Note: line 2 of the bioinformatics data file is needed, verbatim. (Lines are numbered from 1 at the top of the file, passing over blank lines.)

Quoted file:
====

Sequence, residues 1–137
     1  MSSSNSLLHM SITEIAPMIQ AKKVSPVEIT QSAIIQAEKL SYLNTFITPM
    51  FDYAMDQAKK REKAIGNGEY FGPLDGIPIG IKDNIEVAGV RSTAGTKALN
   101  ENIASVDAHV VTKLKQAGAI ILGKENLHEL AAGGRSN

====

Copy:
     1  MSSSNSLLHM SITEIAPMIQ AKKVSPVEIT QSAIIQAEKL SYLNTFITPM